# AEM Technology

# Hydrogen in General

# What is the energy content of hydrogen?

The energy content of hydrogen is described in the (lower and higher) heating value. The lower heating value of hydrogen can be expressed as 33.33 kWh/kg or 2.78 kWh/Nm3. The higher heating value of hydrogen is 39.41 kWh/kg or 3.28 kWh/Nm3. That means roughly 3 kWh/Nm3.

1 kg hydrogen is equivalent to 2.75 kg gasoline (based on the lower heating value).

# How much does hydrogen weight?

The weight of hydrogen is 0.08988 g/L. Enapter’s electrolysers produce 0.5 Nm3/h (500 NL/h) or 0.04494 kg/h. One EL2.1 module produces 12 Nm3 of hydrogen gas in 24 hours, weighing > 1kg (1.0785 kg). At the normal output pressure of the EL2.1 with 35 bar, 1 kg of hydrogen occupies a volume of 0.343 m3 (343 L).

A full tank of hydrogen for a passenger vehicle contains about 5 kg of hydrogen gas (stored at 700 bar) and can drive for over 500 km.

Filling up a 500 L tank with one EL running at 100% and at 35 bar takes about 35 hours until it is full.

# When stored in a tank, what are the losses over time through leakage? Does hydrogen, like for example diesel, have an "expiry date"?

When properly stored, there are no losses. While diesel and all other Hydrocarbon based fuels have an expiry date of around a year, hydrogen can be stored for years.

# Enapter's AEM Technology

# What is Enapter's AEM technology, and how does it work?

Enapter's core product is the standardised and stackable anion exchange membrane (AEM) electrolyser. Electrolysers use electricity to split water (H2O) into hydrogen (H2) and oxygen (O2) through an electrochemical reaction. The stack is the electrolyser's heart and comprises multiple cells connected in series in a bipolar design. Enapter's unique technology is the design and operation of these cells, consisting of a membrane electrode assemble (MEA), made from a polymeric AEM and specially designed low-cost electrodes. Oxygen is evolved from the anodic side and transported out from the stack through the circulating electrolyte. The hydrogen is produced under pressure (up to 35 bar) and already extremely dry and pure (about 99.9%). Using Enapter's auxiliary dryer module, hydrogen is delivered at 99.999% purity.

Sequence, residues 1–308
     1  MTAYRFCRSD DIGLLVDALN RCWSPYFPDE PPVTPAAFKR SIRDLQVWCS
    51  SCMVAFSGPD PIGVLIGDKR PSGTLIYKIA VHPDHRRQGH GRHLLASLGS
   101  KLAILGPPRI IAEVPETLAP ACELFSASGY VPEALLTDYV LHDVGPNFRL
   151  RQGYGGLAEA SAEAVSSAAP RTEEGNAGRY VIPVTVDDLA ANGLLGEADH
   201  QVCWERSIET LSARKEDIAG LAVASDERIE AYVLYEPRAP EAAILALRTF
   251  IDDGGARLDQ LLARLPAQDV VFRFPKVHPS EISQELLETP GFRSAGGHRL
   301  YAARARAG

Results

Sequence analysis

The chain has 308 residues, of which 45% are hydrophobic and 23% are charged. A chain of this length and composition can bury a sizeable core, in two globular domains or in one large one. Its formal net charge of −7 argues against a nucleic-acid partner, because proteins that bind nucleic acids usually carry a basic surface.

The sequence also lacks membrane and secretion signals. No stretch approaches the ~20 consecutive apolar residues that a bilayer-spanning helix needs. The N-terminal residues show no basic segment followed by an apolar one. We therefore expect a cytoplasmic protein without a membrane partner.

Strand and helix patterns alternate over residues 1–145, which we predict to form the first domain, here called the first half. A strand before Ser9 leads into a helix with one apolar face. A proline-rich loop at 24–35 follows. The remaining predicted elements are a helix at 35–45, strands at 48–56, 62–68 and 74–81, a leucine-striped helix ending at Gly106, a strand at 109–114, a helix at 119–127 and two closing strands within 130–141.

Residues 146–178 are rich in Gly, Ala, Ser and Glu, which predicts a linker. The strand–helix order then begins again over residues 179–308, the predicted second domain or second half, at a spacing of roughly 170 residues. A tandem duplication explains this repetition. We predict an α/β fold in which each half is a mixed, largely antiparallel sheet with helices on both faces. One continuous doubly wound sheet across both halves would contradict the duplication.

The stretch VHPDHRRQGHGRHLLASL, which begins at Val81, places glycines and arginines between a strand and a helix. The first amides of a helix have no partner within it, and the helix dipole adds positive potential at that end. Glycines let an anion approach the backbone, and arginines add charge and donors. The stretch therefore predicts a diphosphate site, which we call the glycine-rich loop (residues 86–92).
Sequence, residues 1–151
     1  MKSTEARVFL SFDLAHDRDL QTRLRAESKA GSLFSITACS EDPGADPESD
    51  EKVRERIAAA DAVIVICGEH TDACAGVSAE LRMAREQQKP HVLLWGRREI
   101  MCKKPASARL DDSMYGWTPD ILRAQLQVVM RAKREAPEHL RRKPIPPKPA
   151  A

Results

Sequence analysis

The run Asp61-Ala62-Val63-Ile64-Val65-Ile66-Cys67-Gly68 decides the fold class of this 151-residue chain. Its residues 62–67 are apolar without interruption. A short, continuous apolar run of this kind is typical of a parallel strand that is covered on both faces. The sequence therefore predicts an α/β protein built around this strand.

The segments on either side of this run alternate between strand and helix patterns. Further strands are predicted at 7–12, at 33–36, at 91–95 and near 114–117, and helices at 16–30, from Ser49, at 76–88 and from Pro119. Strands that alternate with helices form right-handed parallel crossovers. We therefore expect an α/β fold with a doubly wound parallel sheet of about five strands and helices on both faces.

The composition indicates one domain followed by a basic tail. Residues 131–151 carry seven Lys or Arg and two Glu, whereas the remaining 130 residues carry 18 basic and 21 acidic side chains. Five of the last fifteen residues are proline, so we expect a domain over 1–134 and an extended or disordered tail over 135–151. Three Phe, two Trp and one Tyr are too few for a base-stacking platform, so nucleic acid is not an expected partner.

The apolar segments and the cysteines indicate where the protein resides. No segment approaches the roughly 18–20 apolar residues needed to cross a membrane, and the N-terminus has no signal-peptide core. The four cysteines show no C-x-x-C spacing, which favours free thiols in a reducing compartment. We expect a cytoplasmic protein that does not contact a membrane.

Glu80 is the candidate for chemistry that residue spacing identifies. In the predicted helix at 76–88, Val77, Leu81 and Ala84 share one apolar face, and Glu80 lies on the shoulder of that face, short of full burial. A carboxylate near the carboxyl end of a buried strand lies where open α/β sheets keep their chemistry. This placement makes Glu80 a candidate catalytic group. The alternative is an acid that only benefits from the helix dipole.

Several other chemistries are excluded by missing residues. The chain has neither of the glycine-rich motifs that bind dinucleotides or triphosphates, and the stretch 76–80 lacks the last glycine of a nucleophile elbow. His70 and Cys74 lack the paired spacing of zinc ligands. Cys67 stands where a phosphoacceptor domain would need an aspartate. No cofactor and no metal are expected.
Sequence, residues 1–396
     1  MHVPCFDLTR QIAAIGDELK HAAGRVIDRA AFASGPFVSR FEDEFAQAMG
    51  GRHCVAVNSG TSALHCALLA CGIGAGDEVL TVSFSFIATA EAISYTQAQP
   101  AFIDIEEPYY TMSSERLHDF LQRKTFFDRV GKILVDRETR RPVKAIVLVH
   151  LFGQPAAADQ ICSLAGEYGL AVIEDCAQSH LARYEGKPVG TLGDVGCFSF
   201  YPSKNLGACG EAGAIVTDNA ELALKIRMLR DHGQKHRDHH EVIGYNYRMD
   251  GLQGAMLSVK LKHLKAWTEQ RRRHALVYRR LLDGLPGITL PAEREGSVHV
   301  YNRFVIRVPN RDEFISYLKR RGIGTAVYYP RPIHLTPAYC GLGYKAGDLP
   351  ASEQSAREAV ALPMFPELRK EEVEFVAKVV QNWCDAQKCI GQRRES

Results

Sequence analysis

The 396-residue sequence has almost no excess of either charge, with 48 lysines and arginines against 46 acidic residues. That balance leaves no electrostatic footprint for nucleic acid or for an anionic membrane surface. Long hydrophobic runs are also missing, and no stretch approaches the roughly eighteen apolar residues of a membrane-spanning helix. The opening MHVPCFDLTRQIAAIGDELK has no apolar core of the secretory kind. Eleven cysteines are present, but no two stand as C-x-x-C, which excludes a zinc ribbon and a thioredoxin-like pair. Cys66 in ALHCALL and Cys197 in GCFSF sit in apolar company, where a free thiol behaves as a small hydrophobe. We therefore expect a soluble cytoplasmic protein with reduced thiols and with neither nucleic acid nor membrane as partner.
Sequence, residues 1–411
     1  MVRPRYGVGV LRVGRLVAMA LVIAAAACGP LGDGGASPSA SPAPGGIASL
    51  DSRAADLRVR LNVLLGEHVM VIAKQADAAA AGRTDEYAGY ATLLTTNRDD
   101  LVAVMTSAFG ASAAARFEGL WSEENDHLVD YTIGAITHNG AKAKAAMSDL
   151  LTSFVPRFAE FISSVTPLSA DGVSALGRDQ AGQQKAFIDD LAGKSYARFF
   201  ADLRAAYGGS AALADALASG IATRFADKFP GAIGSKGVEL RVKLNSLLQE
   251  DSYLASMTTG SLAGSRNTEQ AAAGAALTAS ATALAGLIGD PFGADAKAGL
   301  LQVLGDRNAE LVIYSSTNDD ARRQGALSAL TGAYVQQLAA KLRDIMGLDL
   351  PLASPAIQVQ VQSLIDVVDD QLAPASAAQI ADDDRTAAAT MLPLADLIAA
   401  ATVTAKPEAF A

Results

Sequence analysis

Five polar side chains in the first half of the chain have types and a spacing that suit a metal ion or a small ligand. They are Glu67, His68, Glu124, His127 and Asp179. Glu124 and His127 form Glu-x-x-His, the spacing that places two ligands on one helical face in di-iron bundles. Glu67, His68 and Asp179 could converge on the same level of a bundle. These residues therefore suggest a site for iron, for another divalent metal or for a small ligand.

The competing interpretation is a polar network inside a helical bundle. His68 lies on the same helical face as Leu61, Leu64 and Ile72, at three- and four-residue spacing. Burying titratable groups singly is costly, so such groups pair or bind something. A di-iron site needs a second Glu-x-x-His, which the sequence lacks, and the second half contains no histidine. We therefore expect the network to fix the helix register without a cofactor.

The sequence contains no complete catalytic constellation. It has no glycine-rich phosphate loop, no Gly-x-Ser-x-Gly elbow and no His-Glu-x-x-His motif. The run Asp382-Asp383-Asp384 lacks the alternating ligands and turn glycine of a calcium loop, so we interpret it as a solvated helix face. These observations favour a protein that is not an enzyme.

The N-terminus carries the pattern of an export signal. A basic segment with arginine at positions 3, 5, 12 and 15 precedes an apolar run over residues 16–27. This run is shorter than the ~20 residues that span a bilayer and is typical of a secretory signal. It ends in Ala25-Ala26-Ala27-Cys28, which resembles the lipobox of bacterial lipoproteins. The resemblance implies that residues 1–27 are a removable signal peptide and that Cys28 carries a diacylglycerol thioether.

# What is the difference between the Proton Exchange Membrane (PEM) technology and the Anion Exchange Membrane (AEM) technology, and what are the advantages of AEM?

Proton exchange membrane electrolysers (PEM) use a semipermeable membrane made from a solid polymer and designed to conduct protons. While PEM electrolysers provide flexibility, fast response time, and high current density, the widespread commercialization remains a challenge primarily due to the cost of the materials required to achieve long lifetimes and performance. Specifically, the highly acidic and corrosive operating environment of the PEM electrolyser cells calls for expensive noble metal catalyst materials (iridium, platinum) and large amounts of costly titanium. This poses a challenge to the scalability of PEM electrolysers.